Israeli Warplanes and Middle East Conflict Cost You Money at the Gas Pump

When rockets were launched from Lebanon into northern Israel, the Israeli reaction was both predictable and prompt. Lebanon was hit with a massive air, land and sea assault that continues as of this writing. Now, whatever your opinion regarding Israel, the one thing that cannot be said is that the Israeli attack was without provocation.

There was also one other very predictable reaction on the world scene: The price of crude oil hit better than $78 per barrel and predictions this morning are that it will go as high as $80. Since the Israeli assault shows no signs of slowing down -and won’t as long as the Hezbollah guerrillas continue to launch new rockets into Israel- $80 a barrel as a stopping place is nothing more than a slim hope at best. How far will the price go? Your guess is as good as mine. It probably depends on how widespread the fighting becomes and how long it lasts. However, $90 – $100 a barrel may not be unreasonable.

But there is also another truth. As long as the price of crude continues to rise, the price of gasoline will rise right along with it. In Ft. Worth, Texas, unleaded regular is already selling for $2.89 – $2.95 at most stations. Once in a great while you’ll find it a little cheaper, but not often. Keep in mind, this price range was before the Israeli response and while crude was going for $75 a barrel. When the impact of this current conflict trickles down to the gas pumps (anywhere from today to a week from now), I wouldn’t be at all surprised to see unleaded regular at $3.05 to $3.15 at the very least. And it will probably continue to climb for a while.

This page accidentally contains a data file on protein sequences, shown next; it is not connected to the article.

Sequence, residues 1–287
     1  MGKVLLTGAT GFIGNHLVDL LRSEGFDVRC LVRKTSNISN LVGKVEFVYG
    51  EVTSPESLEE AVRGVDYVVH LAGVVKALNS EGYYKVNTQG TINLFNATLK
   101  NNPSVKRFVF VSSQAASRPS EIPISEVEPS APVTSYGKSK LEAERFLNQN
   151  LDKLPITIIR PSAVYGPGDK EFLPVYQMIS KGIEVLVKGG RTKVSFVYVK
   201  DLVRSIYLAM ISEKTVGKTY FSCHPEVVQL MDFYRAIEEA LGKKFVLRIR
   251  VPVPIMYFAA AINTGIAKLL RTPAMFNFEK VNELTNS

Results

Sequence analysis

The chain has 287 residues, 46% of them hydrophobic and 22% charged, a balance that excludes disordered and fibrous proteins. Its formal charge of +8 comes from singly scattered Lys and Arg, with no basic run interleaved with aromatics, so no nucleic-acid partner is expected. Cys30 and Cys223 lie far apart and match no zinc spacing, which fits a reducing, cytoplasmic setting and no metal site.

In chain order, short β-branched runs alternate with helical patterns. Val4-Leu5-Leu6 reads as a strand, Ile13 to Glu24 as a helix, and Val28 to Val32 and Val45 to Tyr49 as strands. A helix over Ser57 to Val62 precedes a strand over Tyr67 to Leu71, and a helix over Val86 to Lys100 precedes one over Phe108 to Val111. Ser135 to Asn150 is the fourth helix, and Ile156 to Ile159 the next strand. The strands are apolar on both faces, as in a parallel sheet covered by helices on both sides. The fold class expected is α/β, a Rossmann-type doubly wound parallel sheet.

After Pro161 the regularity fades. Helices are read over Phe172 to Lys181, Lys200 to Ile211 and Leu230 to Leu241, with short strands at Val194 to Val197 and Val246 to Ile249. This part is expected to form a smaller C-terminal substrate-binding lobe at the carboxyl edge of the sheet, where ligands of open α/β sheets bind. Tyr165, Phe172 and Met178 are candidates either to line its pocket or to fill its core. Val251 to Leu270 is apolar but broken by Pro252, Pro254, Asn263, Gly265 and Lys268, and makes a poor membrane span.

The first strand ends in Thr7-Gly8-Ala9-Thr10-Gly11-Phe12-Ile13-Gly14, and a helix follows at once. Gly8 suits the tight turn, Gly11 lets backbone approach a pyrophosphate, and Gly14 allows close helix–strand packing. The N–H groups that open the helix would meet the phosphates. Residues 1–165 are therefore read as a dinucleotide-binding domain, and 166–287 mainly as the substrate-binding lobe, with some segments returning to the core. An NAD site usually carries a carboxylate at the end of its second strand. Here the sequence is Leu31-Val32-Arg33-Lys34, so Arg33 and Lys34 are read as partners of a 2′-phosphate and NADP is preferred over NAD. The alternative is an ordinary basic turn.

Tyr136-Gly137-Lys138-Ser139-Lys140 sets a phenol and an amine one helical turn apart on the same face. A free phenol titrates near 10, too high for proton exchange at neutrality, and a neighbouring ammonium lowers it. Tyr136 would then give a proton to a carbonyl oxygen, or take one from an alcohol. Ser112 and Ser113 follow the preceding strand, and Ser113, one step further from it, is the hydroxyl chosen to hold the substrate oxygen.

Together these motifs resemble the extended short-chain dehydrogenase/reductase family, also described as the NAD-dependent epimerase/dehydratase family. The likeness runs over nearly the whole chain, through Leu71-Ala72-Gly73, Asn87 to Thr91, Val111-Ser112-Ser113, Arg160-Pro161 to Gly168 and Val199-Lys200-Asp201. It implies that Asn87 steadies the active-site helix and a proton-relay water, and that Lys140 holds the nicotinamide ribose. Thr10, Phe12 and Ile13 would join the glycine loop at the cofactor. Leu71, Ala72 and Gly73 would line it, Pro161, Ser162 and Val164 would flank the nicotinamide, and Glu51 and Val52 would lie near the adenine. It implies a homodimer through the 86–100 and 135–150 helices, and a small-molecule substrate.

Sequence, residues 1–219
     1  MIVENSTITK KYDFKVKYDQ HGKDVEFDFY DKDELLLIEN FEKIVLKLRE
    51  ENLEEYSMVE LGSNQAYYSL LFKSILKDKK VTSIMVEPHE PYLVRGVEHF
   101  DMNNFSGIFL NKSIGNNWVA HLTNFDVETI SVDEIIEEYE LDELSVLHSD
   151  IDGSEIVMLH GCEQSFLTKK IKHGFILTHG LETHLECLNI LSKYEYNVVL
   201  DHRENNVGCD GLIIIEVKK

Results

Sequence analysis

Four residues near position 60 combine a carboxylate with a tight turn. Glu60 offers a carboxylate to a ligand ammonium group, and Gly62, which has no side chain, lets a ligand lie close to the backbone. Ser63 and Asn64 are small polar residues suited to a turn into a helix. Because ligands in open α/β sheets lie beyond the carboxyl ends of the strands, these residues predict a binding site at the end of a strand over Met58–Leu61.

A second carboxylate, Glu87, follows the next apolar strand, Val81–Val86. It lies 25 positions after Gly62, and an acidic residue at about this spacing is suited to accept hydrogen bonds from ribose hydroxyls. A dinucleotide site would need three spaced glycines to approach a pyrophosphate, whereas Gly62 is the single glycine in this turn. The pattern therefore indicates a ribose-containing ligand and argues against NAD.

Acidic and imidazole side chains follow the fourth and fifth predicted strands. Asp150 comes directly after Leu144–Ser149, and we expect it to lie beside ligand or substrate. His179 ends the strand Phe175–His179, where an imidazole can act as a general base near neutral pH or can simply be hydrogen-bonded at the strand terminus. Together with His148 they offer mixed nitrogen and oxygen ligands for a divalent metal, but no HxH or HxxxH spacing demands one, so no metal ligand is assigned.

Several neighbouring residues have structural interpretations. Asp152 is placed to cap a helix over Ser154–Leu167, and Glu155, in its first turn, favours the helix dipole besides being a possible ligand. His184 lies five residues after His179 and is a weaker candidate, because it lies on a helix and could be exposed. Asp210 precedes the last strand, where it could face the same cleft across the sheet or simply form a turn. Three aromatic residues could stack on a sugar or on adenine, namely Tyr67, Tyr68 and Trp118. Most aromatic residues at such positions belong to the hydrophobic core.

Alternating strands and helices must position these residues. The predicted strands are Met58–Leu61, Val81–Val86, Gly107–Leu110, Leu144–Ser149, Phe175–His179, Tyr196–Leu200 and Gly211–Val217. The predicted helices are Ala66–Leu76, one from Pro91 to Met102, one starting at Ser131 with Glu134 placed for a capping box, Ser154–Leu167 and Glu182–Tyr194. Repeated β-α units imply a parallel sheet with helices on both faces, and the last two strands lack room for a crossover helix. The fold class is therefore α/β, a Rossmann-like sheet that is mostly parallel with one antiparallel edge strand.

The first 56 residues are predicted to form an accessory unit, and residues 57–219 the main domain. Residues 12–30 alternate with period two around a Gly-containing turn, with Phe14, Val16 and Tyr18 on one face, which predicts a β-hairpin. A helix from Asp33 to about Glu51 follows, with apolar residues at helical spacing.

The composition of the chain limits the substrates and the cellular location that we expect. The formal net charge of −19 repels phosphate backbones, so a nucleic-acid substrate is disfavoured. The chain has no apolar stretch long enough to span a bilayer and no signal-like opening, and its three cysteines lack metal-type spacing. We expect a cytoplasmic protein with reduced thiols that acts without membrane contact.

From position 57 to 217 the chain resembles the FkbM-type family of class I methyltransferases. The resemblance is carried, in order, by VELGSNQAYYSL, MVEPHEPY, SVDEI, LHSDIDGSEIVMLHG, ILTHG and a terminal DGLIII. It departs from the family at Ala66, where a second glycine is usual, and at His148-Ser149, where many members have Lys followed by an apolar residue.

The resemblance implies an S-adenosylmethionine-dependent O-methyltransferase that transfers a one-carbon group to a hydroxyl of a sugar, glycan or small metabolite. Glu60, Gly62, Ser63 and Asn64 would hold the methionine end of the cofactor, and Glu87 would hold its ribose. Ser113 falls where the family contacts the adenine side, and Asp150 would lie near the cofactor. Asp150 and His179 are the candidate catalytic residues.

Also, it isn’t just gasoline that’ll be costing us more. As I’ve discussed in past posts, the world economy is based on oil. Petrochemical feedstocks are used is everything from plexiglas to prescription drugs. Our society literally could not exist without crude oil. Stop and think about it. Packaging of almost everything uses oil in one way or another. Plastic bags are now standard in grocery stores to the point that the old fashioned brown paper grocery sacks are virtually impossible to find. Syringes, fabric, sterile packaging, computer cases, keyboards, ballpoint pens and on and on. Almost anything you can name is connected to oil. All of their prices are going up.

Can we gradually wean ourselves from oil dependence? In some ways, maybe. But change totally from a petroleum based economy while maintaining the standard of living we have today? I doubt it. Even if it could be done, it would take many decades if not a century or more.

Basically, we’re stuck. While we work at developing ways to reduce our dependence on oil, we will still have to find a way to survive in a world where the price of crude oil can change as much as $3 – $5 a barrel overnight because radical guerrillas decide to launch a surprise rocket attack on a nation that they hate.

There is a solution to all this, of course, but it’ll never happen. The solution? Peace.

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